HRV4Training launched on Android, on March 23rd, you can find it on Google Play. The app contains all features present on iPhone, from the camera based measurement to all the insights we built on top of daily measurements, annotations and workouts as well as integrations with other apps like SportTracks, Strava and TrainingPeaks. In this post, we go over the main features in the app and provide an overview of most functionalities and insights. In particular, we'll look at:
For a general overview of HRV and HRV4Training, please check the quickstart guide.
We also implemented our unique camera based measurement, that should be supported by most recent phones. You will be able to try this modality anytime from the Resources menu, and practice also the first time you use the app. We also check that your hardware supports this sensor modality, and inform you. For a validation please check this blog post as well as guidelines at this link.
If you use ANT+, make sure to have the following apps installed in your phone: ANT Radio Service, ANT+ Plugins Service, ANT USB Service. You might also need to try first the ANT Demo app, especially if you have a USB adapter, then remember to connect your sensor to HRV4Training from Settings, Scan.
Daily advice, tags, history and baseline
Once you picked a sensing modality to acquire your HRV measurement, the best way to use the app is to measure each morning as soon as you wake up. Try to stick to a morning routine, for example measuring in the same body position, more or less at the same time, and while relaxing, before other stressors start affecting you (e.g. eating, drinking, physical activity, mental stress, etc.). By measuring under these conditions, we can better capture overall physiological stress from previous days (and workouts) and provide meaningful advice and insights.
Your morning HRV value will contribute to your baseline (7 days moving average) and normal values (30 days desirable range - see below). After each measurement you will be prompted with a short questionnaire that will help contextualize your measurements and make sense of your data, we call these entries Tags. Try to be consistent and follow the same monitoring routine. If you do get out of bed before taking your test, make sure you are again well rested (e.g. relax for a minute).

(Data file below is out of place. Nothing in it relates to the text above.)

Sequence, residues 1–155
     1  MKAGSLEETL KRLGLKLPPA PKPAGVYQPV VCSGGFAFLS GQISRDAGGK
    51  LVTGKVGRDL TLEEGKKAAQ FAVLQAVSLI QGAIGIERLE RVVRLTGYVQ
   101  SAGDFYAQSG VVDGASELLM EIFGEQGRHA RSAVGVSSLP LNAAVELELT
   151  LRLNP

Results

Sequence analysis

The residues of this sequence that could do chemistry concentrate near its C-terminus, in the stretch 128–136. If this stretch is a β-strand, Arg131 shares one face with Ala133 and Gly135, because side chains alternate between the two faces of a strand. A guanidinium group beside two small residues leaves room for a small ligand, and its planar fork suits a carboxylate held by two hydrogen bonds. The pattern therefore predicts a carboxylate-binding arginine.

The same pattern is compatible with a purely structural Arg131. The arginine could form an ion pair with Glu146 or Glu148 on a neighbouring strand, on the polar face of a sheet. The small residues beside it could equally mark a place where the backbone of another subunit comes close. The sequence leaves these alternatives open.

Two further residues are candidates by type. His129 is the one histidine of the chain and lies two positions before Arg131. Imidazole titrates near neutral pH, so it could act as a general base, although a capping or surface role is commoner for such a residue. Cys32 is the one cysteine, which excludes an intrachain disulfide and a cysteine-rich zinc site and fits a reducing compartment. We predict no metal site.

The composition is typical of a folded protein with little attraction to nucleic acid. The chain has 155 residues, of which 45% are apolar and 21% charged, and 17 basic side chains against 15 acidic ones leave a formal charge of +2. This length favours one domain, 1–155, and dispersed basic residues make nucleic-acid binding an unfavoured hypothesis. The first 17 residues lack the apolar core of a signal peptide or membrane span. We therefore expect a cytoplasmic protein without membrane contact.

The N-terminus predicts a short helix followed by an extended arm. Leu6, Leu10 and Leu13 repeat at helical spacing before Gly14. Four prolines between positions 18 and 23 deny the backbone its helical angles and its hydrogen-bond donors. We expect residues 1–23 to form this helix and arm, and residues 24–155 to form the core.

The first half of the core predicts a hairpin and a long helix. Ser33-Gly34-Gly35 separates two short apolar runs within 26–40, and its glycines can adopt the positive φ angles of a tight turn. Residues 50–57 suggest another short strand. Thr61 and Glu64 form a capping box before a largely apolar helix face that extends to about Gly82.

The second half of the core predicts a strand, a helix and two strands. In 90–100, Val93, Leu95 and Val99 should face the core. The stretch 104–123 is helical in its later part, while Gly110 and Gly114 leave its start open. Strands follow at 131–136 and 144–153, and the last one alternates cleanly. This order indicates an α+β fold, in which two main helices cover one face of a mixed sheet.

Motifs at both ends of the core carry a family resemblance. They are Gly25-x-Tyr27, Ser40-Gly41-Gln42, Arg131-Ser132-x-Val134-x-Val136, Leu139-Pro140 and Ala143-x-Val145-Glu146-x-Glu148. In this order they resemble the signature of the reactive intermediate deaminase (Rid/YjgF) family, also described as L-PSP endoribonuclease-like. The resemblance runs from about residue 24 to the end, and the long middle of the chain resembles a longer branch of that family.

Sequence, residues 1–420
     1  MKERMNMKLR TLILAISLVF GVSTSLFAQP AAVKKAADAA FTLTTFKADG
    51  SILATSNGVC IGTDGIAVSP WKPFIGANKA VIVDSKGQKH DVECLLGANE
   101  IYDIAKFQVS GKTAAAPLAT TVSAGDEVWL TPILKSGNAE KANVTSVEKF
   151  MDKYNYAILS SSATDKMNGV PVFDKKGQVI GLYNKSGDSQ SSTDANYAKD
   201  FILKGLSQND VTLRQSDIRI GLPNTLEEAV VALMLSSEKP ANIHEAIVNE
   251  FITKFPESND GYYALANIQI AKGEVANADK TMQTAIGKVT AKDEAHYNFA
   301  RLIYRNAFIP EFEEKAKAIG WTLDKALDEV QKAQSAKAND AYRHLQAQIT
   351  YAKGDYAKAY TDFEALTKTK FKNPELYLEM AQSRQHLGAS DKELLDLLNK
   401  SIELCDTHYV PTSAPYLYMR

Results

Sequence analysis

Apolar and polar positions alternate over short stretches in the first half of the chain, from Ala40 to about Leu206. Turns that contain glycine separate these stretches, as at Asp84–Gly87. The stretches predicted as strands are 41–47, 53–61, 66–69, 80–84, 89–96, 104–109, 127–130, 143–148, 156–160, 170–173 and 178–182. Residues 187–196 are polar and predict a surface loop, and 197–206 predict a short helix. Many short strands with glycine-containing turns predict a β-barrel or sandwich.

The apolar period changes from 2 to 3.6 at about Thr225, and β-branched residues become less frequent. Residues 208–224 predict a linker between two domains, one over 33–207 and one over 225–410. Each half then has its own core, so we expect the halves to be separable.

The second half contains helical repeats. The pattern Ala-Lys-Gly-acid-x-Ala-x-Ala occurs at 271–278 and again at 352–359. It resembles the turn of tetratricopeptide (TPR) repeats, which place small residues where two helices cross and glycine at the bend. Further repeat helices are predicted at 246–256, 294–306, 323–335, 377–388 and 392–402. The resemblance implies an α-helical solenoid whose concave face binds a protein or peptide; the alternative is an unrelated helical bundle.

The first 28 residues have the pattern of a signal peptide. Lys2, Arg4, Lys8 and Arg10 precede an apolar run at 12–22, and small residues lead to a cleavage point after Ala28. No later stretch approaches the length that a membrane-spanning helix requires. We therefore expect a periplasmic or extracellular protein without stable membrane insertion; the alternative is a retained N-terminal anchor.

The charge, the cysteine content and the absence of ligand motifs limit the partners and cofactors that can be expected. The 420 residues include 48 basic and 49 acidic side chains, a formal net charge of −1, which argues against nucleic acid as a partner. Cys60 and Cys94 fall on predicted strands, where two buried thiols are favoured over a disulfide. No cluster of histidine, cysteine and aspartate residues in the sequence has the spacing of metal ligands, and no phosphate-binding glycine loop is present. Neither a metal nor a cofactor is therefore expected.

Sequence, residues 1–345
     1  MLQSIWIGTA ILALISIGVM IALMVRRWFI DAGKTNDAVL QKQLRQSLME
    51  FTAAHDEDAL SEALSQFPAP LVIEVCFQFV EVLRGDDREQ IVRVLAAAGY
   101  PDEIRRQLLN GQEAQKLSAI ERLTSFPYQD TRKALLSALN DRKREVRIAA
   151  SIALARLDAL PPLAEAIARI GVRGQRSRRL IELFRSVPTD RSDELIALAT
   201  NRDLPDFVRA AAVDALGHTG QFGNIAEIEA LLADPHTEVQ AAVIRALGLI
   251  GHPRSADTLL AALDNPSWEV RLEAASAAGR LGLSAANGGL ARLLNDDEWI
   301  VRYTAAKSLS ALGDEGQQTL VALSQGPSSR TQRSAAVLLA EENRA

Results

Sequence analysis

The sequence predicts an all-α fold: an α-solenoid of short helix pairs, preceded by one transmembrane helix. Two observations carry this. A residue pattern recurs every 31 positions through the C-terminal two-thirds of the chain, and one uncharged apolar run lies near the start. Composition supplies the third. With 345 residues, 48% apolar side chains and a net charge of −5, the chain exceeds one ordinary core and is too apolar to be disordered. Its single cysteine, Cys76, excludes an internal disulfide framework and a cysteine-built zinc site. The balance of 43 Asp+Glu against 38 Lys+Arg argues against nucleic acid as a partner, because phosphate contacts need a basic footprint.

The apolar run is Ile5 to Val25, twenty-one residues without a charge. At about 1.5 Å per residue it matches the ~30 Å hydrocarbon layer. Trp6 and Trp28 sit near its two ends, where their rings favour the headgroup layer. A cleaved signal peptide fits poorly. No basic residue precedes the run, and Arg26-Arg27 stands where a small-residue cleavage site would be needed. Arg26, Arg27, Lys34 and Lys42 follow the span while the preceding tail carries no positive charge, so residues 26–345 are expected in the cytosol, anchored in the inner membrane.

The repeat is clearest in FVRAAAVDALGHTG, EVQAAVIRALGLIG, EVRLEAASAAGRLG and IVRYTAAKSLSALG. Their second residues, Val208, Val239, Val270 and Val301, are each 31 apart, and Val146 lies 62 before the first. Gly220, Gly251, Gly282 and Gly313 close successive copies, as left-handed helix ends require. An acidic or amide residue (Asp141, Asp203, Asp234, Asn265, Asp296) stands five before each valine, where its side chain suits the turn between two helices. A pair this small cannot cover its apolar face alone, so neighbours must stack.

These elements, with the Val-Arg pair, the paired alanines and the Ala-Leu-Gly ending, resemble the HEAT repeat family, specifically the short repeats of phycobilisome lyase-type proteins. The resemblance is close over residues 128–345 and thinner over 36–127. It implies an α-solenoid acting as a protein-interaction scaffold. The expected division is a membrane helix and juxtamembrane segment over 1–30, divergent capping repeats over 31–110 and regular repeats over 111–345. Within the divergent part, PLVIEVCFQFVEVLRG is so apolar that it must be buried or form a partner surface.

The daily advice aims at helping you in making small daily adjustments to your training program, by keeping in consideration not only how your score changed from yesterday's (acute change), but also with respect to your past 30 days variations (desirable range or normal values), and factoring in your subjective scores (muscle soreness, motivation to train, perceived performance and sleep quality) and recent trends (when enough data is present). Check out this post for more information on the daily advice.
Context is everything. After each measurement you'll be prompted with different Tags related to your current lifestyle and trainings. You can annotate not only training days and intensities but also a series of other parameter that can affect physiological stress, performance, and training, for example sleep quality, mental tiredness, muscle fatigue and so on.
Your annotated Tags will be used to provide analytics and interpret physiological data, for example analyze the effect of acute stressors (day to day variations in response to events such as intense training, alcohol intake, travel, etc.) as well as to provide context to better understand the big picture. Please read below for more details on HRV4Training's insights.
You'll also be able to see some of the tags in the history view and plot custom correlations. Finally, you can even add up to three custom tags.
If you are a Strava or TrainingPeaks user, you can also link Strava or TrainingPeaks and HRV4Training and get your training-related tags automatically in the app, so that you can save a bit of time in the morning
History and baseline
Once you've got some data, use the history tab to browse through it and look at the different features that were extracted during the test. You'll also be able to see the impact of some of your tags (e.g. travel, alcohol intake, injuries, etc.) on your physiological stress level.
The Baseline page helps you in going beyond short daily variability, and get a better overview of your physical condition. The blue line is a 7 days moving average, which captures the global trend of your HRV, without being too affected by daily swings.
HRV4Training provides several advanced experimental analysis that look at both acute HRV changes and long term trends to better understand the big picture. As you accumulate more data, you'll be able to use it to explore many different aspects. In particular, under Menu - Insights, you can find:
Weekly and monthly summaries
Pick the metric most representative of your athlete's trainings (e.g. RPE, TSS, Suffer Score, training distance) and analyze training load breakdowns by week and month to keep better track of overall progress.
Acute HRV changes in response to training and other stressors